Hie everyone,


I have listened to a podcast lately and I just can take this sentence out ok my head. Can't remember which podcast though.

Mike was talking about a previous manager of his that has told him to be effectiv instead of trying to be right. I must admit that I cannot see the difference.

Could anyone give me an example to make that more concrete to me.

Thanks for your help.


mtietel's picture
Training Badge

The urge to be correct trumps everything else.

Manager: "Can I give you some feedback?"

Direct: "You gonna fire me?"

Manager: "No.  Can I give you some feedback?"

Direct: "Sure."

Manager:  "When you say in a team meeting that senior management doesn't care about us when in fact they're at a $3m a month burn rate on contractors to keep a seat warm for you after this is over, you destroy team morale and look unprofessional.  What can you do differently?"

Direct: <rolls eyes>

Manager: "Any other questions?"

Direct: "I didn't ask a question to start with."


While that last statement is technically correct, when you consistently nitpick in this manner you're just asking your manager to break his promise  (i.e., next time you ask "You gonna fire me?", the answer is going to be "yes".)

I see it too in cross functional group meetings (and frankly as a High-D/C I've been guilty of it in the past), where you'll fight to the death to prove you're right.  Problem is at the end of the meeting everyone else walks out of the room thinking you're a colossal jerk and won't work with you any more.  Not effective.

jhack's picture

The Shot Across the Bow podcast is all about being effective, rather than worrying about being right.

John Hack

mmann's picture
Licensee Badge

I have a real-world example from several years ago.

I was working in IT for a large, professional services firm.  My task was to obtain funding from the Executive Committee for a project to back up the data on over 40,000 laptop computers for a highly mobile population.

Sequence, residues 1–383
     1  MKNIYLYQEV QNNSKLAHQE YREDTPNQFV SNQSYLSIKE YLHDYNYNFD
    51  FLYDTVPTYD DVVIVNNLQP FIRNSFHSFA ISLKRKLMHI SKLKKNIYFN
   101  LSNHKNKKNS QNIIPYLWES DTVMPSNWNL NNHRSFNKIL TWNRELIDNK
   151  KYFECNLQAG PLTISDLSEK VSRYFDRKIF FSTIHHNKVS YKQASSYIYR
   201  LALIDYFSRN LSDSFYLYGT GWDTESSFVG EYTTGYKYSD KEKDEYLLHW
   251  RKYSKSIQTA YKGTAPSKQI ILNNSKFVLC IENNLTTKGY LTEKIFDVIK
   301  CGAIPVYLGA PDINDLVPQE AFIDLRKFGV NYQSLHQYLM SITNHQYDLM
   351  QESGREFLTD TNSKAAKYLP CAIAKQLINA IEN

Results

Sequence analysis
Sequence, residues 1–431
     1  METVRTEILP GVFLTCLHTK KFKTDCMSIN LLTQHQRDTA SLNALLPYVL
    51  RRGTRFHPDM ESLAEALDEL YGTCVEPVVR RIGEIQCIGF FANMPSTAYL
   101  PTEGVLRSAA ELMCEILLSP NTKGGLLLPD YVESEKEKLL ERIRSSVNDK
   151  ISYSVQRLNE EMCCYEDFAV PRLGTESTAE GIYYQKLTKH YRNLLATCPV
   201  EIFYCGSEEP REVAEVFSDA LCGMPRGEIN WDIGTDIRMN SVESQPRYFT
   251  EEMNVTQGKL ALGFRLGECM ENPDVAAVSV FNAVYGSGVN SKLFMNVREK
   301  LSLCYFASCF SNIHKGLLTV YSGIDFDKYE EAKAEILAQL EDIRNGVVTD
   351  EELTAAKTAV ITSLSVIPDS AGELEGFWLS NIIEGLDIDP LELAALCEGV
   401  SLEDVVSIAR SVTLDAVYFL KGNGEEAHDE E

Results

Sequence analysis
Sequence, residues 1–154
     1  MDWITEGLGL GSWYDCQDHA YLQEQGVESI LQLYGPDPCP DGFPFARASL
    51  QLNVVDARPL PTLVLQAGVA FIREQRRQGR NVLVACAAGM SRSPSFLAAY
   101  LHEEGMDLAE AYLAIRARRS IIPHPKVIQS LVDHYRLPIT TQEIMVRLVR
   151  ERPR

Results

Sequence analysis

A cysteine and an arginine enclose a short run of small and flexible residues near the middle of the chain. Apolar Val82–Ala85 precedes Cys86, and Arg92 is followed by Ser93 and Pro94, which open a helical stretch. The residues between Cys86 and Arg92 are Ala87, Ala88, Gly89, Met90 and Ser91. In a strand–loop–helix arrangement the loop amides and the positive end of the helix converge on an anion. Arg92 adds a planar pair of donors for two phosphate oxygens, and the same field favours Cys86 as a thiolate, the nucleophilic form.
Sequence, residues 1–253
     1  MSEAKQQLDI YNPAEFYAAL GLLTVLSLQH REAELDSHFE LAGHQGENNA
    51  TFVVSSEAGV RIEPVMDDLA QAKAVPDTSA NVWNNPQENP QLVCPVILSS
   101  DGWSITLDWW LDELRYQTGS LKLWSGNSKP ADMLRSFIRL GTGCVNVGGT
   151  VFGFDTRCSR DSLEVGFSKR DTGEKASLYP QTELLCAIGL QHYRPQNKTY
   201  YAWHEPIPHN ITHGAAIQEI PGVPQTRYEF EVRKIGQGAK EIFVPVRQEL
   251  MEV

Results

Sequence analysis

The firm had experience and infrastructure for one solution, call it Backup T.  After a series of meetings we had a plan for Backup T and had a solid estimation of the costs expected.  I built my presentation around this solution and the need to fund it for $2m in the first year.

As I worked through the prewire for my presentation meeting a faction supporting another product began to surface, call it Backup C.  Backup C was superior: 

  • It used special algorithms to decrease the quantity of data transmitted, reducing bandwidth requirements.
  • It compressed the data prior to transmission, further reducing the bandwidth requirements
  • It could backup encrypted data without decrypting it first
  • It had a throttle mechanism that limited CPU and bandwidth usage causing less disruption for the user
  • The differences were on a logarithmic scale (GBs vs KB)

The problem was, I didn't have enough time to change the product in my presentation and make the appropriate pre-wire adjustments before the Executive Committee meeting.  At the same time, the faction supporting Backup C was becoming increasingly vocal about their opposition.  I had to act quickly if I hoped to preserve what ultimately represented a benefit for everyone in the firm.

I met with the most vocal member of the Backup C supporters.  I listened carefully to his arguments, avoiding the perception of any kind of disagreement.  When he finished I could whole-heartedly agree with him that Backup C was superior, AND, explain that the discussion was about funding, and not the technology.  I helped him see how his desention with my presentation would ultimately result in no funding for ANY backup solution in that fiscal year.  I showed how the funds allocated for the initiative would be adequate to deploy either Backup T or Backup C.